Only a writer who loves wordplay (my daughter) would name her cat Hypocorism. Hypocorism’s hypocorism is “Puck,” which well suits the little trouble-maker. He loves to climb up to the top of the bookshelf by the window, where we hung a couple of toys for him.
When he was little, he used to climb across the curtain rod to the opposite set of shelves. He still tries it from time to time, though the rod bends under his adult weight. And at least once he took a fall and had to grab for the curtain on his way down. We didn’t see it, but that’s the only explanation we could think of for the huge rip we found later.
One other disadvantage to growing up: The places he loves to sleep have somehow shrunk. After playing for a bit, he stretches out for a nap — and his back hangs dangerously over the edge.
Love exploring magical worlds wracked by the struggle of good against evil?
Then don’t miss Teresa Gaskins’s four-book serial adventure, The Riddled Stone.
Those of us who read her earlier books have waited eagerly to hear how the story ends. Two years longer than we hoped, since she had to squeeze in her writing between calculus exams and college essays.
But finally, it’s done!
Now a homeschool graduate, she wrote the last few scenes right at the tail end of her nineteenth year — which means these will be Teresa’s final books as a teen author.
Check them out…
The Riddled Stone: Omnibus Edition, Four Books in One
How can a knight fight magic?
Christopher Fredrico loved the quiet life of a scholar-in-training. Plenty of spare time to spend with his friends. But the night Crown Prince Tyler came to dinner, everything changed.
Falsely accused of stealing a magical artifact and banished under threat of death, Chris leaves the only home he knows.
But as he and his three friends travel towards the coast, they find a riddle that may save a kingdom — or cost them their lives.
Discover the full story of The Riddled Stone, complete in one volume.
A gift she never wanted. A curse she can’t escape.
Alone in the dark, Nora of Yorc feels the dungeon walls pressing in. Even worse, the duke’s sorcery weaves itself around her, unseen and deadly. But as the spell tightens, shy, fragile Nora breaks — and something new takes her place.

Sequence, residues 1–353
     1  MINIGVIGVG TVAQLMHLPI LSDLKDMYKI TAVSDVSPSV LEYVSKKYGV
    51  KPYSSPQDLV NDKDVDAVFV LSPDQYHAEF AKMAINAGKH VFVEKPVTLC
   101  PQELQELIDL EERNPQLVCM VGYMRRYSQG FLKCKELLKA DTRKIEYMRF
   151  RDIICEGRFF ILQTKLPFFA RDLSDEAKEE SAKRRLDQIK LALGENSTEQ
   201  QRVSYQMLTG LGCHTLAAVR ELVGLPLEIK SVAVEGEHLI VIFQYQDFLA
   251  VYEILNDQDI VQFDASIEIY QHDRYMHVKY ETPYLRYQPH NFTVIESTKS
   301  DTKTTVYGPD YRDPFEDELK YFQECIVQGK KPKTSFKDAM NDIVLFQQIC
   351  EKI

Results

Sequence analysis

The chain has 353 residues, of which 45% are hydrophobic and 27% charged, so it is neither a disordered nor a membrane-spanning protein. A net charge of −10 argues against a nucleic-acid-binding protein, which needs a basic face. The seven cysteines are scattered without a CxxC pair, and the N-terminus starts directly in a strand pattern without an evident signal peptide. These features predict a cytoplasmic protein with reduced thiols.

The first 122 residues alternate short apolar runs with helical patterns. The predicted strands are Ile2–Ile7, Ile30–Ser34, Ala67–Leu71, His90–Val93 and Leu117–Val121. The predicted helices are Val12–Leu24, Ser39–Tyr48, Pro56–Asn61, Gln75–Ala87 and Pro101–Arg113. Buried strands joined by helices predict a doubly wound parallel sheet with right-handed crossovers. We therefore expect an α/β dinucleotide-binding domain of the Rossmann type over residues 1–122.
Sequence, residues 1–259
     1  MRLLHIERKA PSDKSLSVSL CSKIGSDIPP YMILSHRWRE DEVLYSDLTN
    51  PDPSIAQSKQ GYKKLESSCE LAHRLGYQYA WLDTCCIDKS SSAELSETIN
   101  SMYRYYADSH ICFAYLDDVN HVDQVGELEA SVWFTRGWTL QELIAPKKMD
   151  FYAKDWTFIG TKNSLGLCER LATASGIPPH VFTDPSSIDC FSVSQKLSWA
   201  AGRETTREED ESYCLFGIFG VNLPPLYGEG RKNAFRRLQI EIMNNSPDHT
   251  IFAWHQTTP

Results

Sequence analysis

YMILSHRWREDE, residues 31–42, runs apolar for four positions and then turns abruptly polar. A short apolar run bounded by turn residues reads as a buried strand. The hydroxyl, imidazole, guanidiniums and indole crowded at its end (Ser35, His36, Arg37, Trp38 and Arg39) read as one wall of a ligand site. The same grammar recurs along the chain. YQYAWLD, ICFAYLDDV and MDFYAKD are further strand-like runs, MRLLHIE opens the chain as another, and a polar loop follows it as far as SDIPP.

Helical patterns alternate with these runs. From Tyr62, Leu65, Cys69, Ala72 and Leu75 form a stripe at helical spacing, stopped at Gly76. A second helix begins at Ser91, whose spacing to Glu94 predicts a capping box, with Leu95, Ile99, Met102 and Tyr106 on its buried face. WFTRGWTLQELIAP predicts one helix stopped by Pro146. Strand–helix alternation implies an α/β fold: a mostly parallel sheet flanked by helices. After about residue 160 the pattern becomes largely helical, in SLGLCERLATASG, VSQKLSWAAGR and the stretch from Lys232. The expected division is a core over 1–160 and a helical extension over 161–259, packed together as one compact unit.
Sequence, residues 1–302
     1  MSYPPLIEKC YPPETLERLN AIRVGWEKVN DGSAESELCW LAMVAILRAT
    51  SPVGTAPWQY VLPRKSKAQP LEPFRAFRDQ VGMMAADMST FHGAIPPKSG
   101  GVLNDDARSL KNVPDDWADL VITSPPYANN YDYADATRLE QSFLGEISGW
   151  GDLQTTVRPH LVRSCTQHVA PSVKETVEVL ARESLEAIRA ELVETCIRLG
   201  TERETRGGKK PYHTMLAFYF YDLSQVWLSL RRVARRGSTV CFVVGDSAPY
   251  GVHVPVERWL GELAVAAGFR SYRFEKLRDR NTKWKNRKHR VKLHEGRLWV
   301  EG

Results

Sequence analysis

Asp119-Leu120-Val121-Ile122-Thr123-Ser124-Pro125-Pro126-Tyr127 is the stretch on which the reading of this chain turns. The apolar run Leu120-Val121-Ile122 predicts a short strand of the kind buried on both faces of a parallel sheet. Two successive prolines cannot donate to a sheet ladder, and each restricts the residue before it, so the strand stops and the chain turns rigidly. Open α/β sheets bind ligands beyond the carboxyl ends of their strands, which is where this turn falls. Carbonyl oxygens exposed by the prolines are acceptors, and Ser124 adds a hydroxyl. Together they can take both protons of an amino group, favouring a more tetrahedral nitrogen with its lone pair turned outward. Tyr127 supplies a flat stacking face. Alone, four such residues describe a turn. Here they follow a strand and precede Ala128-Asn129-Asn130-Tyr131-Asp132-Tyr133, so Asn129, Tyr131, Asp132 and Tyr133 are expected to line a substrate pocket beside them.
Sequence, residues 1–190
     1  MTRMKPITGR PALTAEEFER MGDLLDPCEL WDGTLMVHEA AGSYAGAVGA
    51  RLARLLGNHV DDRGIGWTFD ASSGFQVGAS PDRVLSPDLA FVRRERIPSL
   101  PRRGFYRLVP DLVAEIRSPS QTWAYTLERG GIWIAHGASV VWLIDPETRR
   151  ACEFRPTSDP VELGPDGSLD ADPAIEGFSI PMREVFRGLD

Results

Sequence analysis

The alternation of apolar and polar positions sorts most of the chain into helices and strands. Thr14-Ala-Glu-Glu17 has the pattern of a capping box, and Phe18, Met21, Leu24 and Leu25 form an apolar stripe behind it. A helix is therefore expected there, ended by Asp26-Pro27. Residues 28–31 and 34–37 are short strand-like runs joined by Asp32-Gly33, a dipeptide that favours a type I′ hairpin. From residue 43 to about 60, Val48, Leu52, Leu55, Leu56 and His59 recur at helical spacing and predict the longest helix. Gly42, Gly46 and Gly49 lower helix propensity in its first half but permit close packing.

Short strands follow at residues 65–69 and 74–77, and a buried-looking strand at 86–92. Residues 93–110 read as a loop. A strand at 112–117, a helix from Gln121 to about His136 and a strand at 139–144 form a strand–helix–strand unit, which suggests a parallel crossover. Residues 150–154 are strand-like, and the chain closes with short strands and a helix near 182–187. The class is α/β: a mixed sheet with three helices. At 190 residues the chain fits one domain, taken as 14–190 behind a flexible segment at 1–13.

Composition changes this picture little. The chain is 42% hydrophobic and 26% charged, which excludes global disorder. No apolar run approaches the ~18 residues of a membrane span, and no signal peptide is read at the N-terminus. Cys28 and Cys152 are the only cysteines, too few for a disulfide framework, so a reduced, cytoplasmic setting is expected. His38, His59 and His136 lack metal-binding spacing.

Or something old beyond memory.
Nora joined this quest to help her friends. But can she stop herself before the wildness within destroys them all?
Find out in Revealed, the exciting conclusion of Teresa Gaskins’s four-book serial fantasy adventure, The Riddled Stone.
“There are some obvious protagonists and some obvious villains, but Gaskins creates a nice ambiguity around several of the key characters. The plot itself is interesting and engaging with multiple levels of motivation that drive it along.”
“I enjoyed the book and I am absolutely amazed at how such a young author can write so well. I definitely see her going far in her writing career, and I can’t wait to see what stories she publishes next.”
My youngest daughter wanted to do Singapore math. Miquon Red was her main math text at the time, but we added a bit of Singapore Primary Math 1B whenever she was in the mood.
We turned to the lesson on subtracting with numbers in the 30-somethings.
The first problem was pretty easy for her:
30 − 7 = _____
I reminded her that she already knew 10 − 7.
She agreed, “Ten take away seven is three.”
Then her eyes lit up. “So it’s 23! Because there are two tens left.”
Wow, I thought. She’s catching on quickly.
Mom Always Talks Too Much
We went to the next problem:
34 − 8 = _____
“Now, this one is harder,” I said. “But you know what ten minus eight is, right? So we could take one of these tens and—”
She waved at me to be quiet.
I was just getting started on my standard speech about how to turn a tough subtraction like 34 − 8 into the easy addition of “2 + 4 + two tens left.” But her mind was still on the last problem, specifically on the two tens and the seven.
“If you have 27,” she said, “and you add three more, you get 30. And four more is 34.”
“Um, yes, but…” I interrupted.
She shushed me again.
“And then you can take away the four. And then you can take away the three. And then you can take away one more…It’s 26!”
Mom Learns a Lesson
She continued through the next page that way. For every problem, she started with whatever number struck her fancy, usually containing at least one digit from the problem before. She added enough to get up to the 30-something number in the book.
Only then would she deign to subtract the number in question.
I don’t think she ever saw the point of the mental math technique the book and I were trying to teach, but she did have a lot of fun playing around with the numbers.
Well, I hadn’t planned on spending my day that way. But one of the great things about homeschooling is the freedom to follow rabbit trails.
While browsing the Carnival of Homeschooling, I found a link to Farm School blog’s article Fib Foolery, which sent me to Gotta Book for his articles The Fib and More Fibbery (read the comments on both threads, but be warned that some are crude) and several other posts, all of which set me off on a morning of poetic fun.
A “Fib” is a Fibonacci poem. It’s based on syllable count, like a haiku, but the lines follow the Fibonacci counting series: 1, 1, 2, 3, 5, 8… Each number is the sum of the previous two numbers.
“… a captivating fantasy story with a well-thought-out plot … people who like medieval-style fantasies with wraiths, spirits, and even an attacking swamp tree will enjoy the story. I certainly did, and the excitement, adventure, and suspense will easily keep the reader’s attention …”
As a fantasy fan myself, I agree that Teresa did a great job on this book. She improved in every way from Book #1 — more world building, more complex plotting, and a deeper emotional identification with the characters. I can’t wait to see what she writes next.